Sunday, November 8, 2015

Pacific Ocean Park Banana Train

Much to my surprise and delight the Summer 2002 Issue of The "E" Ticket Magazine has a ten page article in it about Pacific Ocean Park with some nice photos and text with a scene by scene description of the ride;

"Rolling thru the Longhouse area, the six plantation type Banana Trains (build by Arrow Development) were beautiful ride vehicles. The open passenger cars had exteriors authentically faced with bamboo, and carried fifteen passenger each. The trains had a very different appearance because the cars were pushed from behind along the spindly track by the little thatch-roofed locomotives. The down sized "steam engines” were actually electric, but were convincing enough with their self contained water tenders, copper boiler jackets, diamond stacks and operators shaded from the sun by palm branch cab covers.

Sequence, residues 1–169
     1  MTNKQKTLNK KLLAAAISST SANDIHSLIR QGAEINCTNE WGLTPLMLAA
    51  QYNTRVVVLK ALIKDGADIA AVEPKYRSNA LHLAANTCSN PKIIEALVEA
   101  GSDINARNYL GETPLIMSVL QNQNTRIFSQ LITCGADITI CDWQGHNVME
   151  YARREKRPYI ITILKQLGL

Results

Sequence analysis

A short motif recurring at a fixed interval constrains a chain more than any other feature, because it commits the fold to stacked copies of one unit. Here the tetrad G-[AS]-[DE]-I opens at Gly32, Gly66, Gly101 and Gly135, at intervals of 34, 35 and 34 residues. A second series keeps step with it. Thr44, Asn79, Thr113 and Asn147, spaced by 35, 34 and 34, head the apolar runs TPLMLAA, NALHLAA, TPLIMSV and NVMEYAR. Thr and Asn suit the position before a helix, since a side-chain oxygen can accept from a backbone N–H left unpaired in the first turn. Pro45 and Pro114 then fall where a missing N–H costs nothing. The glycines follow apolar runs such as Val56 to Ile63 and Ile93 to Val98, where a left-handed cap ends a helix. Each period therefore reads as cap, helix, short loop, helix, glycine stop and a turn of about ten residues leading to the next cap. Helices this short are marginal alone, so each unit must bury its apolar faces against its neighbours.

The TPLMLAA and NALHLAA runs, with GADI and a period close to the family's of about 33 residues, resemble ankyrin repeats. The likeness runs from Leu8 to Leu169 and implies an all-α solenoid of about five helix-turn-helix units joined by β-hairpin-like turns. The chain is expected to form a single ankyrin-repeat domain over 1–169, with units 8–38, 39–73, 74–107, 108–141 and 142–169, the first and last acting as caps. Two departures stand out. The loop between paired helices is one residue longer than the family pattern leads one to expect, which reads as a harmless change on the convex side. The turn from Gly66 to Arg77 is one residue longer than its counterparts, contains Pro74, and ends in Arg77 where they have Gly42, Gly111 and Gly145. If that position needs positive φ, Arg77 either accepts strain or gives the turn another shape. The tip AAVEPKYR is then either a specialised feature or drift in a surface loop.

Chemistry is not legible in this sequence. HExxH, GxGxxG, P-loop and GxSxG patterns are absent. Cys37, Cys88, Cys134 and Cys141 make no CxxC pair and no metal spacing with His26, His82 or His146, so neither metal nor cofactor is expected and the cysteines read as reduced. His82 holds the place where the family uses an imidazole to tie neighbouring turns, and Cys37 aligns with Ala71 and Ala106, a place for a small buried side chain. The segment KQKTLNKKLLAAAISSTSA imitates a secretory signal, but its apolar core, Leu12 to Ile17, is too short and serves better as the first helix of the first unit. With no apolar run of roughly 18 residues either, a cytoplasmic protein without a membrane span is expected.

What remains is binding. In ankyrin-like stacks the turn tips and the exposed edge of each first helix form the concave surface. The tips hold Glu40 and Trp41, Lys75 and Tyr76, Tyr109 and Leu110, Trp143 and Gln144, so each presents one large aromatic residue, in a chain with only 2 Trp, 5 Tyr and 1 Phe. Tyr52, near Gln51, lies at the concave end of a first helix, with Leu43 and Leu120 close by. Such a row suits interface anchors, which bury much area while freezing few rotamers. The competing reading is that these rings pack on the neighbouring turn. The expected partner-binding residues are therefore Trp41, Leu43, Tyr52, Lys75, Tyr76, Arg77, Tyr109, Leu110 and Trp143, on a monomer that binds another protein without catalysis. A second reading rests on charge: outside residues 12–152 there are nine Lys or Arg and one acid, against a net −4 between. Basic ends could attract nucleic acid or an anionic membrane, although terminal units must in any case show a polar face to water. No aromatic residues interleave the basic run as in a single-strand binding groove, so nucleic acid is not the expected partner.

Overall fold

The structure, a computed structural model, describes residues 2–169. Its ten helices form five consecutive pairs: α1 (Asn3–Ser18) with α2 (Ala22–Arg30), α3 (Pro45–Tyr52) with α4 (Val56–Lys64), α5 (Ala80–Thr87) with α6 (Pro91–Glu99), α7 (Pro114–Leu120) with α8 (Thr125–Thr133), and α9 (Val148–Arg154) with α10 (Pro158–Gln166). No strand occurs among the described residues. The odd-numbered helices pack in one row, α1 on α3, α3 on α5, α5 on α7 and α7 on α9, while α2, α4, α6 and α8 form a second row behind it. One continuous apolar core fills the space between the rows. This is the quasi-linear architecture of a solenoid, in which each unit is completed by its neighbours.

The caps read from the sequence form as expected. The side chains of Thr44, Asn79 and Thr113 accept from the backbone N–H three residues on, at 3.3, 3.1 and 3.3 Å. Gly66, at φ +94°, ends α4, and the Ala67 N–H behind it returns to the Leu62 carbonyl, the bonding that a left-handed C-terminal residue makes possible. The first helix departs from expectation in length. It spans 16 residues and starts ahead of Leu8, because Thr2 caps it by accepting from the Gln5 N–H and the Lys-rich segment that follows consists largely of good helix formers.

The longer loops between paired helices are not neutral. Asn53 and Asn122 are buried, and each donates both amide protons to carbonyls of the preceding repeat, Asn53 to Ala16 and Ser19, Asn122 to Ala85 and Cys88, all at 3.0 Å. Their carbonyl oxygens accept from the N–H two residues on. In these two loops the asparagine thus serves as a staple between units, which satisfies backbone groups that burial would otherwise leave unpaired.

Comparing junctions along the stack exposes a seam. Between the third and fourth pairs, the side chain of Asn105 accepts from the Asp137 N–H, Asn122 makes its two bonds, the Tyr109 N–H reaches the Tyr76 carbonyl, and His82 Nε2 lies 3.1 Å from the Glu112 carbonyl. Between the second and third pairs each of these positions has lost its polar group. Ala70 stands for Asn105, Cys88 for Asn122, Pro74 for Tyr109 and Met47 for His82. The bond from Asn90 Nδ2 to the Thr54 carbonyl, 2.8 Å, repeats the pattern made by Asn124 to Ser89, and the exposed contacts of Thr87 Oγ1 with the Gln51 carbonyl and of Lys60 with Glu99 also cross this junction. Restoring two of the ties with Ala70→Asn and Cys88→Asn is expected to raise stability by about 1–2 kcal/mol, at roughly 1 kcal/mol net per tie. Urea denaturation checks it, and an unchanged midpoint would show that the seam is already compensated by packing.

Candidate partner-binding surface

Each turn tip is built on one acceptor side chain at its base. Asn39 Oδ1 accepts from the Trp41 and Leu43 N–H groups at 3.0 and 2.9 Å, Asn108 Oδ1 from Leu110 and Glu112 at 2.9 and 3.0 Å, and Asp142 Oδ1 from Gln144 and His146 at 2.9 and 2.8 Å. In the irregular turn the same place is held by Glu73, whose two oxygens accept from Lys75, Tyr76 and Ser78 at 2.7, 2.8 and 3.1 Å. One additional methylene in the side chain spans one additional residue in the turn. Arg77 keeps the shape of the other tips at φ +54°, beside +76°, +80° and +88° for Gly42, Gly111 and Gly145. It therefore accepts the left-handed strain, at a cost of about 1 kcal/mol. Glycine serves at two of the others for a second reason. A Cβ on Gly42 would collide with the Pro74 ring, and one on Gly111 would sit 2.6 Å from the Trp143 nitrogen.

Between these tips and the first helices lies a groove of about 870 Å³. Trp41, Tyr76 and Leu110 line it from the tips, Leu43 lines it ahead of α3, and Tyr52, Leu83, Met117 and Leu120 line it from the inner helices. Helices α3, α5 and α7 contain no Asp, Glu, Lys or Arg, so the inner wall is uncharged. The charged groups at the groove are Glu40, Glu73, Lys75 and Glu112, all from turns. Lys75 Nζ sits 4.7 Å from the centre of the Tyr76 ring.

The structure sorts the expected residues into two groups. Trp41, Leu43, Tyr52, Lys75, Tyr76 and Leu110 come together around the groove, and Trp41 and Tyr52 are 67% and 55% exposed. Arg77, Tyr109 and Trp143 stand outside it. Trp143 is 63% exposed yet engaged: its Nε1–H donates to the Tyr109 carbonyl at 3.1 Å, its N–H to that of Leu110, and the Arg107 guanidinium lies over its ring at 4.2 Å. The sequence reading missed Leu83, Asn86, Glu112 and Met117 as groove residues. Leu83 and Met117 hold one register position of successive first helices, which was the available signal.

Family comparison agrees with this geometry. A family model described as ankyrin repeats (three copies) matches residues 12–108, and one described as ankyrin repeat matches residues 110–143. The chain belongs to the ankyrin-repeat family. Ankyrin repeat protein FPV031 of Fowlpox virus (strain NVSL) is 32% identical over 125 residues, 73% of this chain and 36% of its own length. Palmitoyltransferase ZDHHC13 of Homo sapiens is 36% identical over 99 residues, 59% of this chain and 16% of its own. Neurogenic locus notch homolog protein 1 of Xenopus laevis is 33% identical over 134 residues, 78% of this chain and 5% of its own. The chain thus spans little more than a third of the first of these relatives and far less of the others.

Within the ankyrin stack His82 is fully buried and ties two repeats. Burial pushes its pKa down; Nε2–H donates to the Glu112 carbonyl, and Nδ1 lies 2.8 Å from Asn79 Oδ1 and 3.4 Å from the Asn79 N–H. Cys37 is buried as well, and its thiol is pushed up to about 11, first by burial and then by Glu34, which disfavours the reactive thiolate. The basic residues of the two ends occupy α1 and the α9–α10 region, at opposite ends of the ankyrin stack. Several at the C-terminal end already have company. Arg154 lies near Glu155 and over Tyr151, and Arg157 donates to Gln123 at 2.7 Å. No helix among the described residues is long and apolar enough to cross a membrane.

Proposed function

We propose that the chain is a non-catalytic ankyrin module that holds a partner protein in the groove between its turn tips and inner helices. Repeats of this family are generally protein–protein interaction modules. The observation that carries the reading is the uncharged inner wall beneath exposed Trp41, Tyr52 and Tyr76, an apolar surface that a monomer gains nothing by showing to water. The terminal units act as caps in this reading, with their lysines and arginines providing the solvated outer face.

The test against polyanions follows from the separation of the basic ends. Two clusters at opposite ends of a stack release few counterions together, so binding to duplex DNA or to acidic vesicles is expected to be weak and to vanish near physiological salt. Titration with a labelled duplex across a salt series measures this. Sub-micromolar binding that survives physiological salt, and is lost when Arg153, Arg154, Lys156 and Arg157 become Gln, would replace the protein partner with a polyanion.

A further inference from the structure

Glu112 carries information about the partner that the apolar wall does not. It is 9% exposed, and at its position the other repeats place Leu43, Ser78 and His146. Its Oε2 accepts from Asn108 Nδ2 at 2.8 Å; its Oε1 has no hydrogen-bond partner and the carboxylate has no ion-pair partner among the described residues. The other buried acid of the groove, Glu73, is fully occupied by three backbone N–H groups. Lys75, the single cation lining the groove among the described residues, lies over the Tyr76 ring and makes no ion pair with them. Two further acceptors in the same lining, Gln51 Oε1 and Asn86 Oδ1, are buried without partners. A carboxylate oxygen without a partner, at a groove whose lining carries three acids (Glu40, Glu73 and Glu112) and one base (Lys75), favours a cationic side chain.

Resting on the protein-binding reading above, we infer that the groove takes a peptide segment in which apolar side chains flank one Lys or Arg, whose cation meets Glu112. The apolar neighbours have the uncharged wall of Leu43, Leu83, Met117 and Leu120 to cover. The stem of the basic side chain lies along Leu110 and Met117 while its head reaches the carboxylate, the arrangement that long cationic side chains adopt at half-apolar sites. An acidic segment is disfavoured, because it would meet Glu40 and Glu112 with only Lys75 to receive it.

One after another, the Banana Trains loaded passengers, then “steamed” from the high-roofed longhouse and int the tropical “South Seas” jungle ahead. The track to be followed on this tropical fun trip, run by a beachcomber, around the island from one thrill to another was a figure eight, with the return track descending from the mountain and crossing above the outbound section. The railroad’s light rail was crudely laid on thin, wide spaced ties which inspired very little confidence as you looked down from the first car, and watched it flex under the weight of the train.

The track led a winding path through and under native thatched huts on stilts (where a few menacing "New Guinea Headhunters” threatened from the rafters. Then it plunged into the “authentic South Seas vegetation" ahead. A display of tribal dancing in a bamboo fenced village was then seen along the right before the tracks began their climb up the rocky slopes at the base of the volcano. As the Banana Train ascended, it passed a group of “carnivorous vultures,” nesting among the rocks, which glared with hunger at the passengers.